I was all set to think about inserting new scenes when I started to wonder why so much was missing. I realised I’d written a book where almost all the big events happen “offstage”. I’d set out to write a book about a family history, presented partly as oral history, but also as an incomplete archive that has been badly damaged by fire, a collection of letters, diaries and photographs that raise more questions than they answer, the biggest one being, why did someone try to destroy the archive?

After much discussion with my early readers, I decided not to re-write. There was so much missing, so much the characters didn’t or couldn’t know – but that, it seemed to me, was the point: the story was ultimately incomplete. The reader is left in no doubt about what happened, but the 21stC characters have to deduce a good deal from the evidence that survived the fire, filling in the blanks with imaginative guesswork.

Will this make for a satisfying read? I hope so. A family history is, after all, always incomplete. It’s random, often sketchy, biased and ultimately unsatisfactory, because we want a beginning, middle and end. But it’s the gaps that intrigue us. The mysteries. The untold story.

The Trysting Tree

All I know about my grandfather’s involvement in WWI is that when he came home, my grandmother burned all his clothes and he refused ever to speak about his experience. That’s the sum total of my knowledge – of anyone’s. Even his silence is hearsay. He died when I was two.

Years later, when I was a teenager, Wilfred Owen & the War Poets loomed large in my life. Britten’s War Requiem (a setting of Owen’s poems) became a favourite piece of music. I’ve now written two novels featuring WWI soldier heroes. (The other was THE GLASS GUARDIAN.) I wonder now, did my grandfather’s refusal to speak have a more profound effect on me than anything he might have said?

Looking back over my eight novels, I can see my obsession is writing about what is not seen, not said and not known. I’ve written about negative space and the characters’ search for something that might somehow fill it. They are looking for completion. They’re people in search of more than just Mr/Ms Right. They want a surrogate family (Gwen in HOUSE OF SILENCE) or sanity (Rose in EMOTIONAL GEOLOGY and Magnus in UNTYING THE KNOT) or religious faith (Hugh in A LIFETIME BURNING) or just a fuller life experience (blind Marianne in STAR GAZING).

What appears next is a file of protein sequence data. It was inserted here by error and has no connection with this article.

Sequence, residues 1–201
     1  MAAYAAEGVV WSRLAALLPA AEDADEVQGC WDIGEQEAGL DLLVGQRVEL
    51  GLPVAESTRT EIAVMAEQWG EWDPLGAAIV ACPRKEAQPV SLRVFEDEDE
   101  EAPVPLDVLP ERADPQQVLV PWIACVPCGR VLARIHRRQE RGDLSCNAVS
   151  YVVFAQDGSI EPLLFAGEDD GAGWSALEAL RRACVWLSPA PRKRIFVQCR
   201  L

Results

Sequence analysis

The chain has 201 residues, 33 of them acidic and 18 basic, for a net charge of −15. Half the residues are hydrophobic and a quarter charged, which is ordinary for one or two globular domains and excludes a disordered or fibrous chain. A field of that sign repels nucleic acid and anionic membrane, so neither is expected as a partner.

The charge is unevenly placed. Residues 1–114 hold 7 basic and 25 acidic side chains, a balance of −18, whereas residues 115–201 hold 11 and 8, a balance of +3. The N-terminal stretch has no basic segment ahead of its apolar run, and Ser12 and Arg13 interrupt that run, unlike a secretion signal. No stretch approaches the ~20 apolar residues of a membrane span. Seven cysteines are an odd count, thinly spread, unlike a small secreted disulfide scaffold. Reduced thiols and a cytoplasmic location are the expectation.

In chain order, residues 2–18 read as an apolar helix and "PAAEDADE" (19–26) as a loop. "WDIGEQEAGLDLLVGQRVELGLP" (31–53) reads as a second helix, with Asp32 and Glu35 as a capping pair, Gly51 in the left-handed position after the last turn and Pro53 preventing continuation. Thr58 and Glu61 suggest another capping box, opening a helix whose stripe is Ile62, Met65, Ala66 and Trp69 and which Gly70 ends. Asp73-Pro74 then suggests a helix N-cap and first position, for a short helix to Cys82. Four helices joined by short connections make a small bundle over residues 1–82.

When I was writing THE TRYSTING TREE, I knew it wouldn’t be a complete narrative, it would have to be an oblique book. I didn’t write about the big events, I described the fallout. For example, there isn’t a word about the Battle of the Somme. I wrote about what happened after a soldier walked away from the battlefield, leaving his memory behind as a casualty of war.

THE TRYSTING TREE could have been a much longer and more detailed book, but would that have made it a better book? That’s for readers to decide. My hope is, what you don’t know and don’t see will have as much power to affect your imagination as what you do know and see. But it’s something of a gamble!

Rozelle web 1 smaller

My grandfather died over 60 years ago. I have no memory of him, just a few photos, but over the decades, the fact that he, like many, refused to talk about what he’d experienced in the trenches has spoken volumes to me. Perhaps his silence said all there was to say.



Linda Gillard on Facebook:

Linda’s books on Amazon:

Note from Jo: I was one of those lucky enough to read the book in an early draft and I can say with authority it is stunning – one of Linda’s best. And reading this guest post made the hairs on the back of my neck stand up – this is such an emotional journey, and I hope you’ll join us in sharing and promoting it.

Keeping Sam is FREE this weekend only!

To mark the launch of the paperback edition of Keeping Sam I’m giving away the Kindle ebook for free all weekend – if you haven’t read my latest novel yet now is your chance to grab this for nothing! Click here to get your copy.

The paperback will be out next week and I’m currently planning a ‘proper’ launch, bouncing some ideas around the capture the summer read market in my local area. Check out the paperback cover fab designer Chris Howard came up with:


So chuffed with this cover, especially the little hat left hanging on the fence! Please share the free promotion and do download your free book while you can.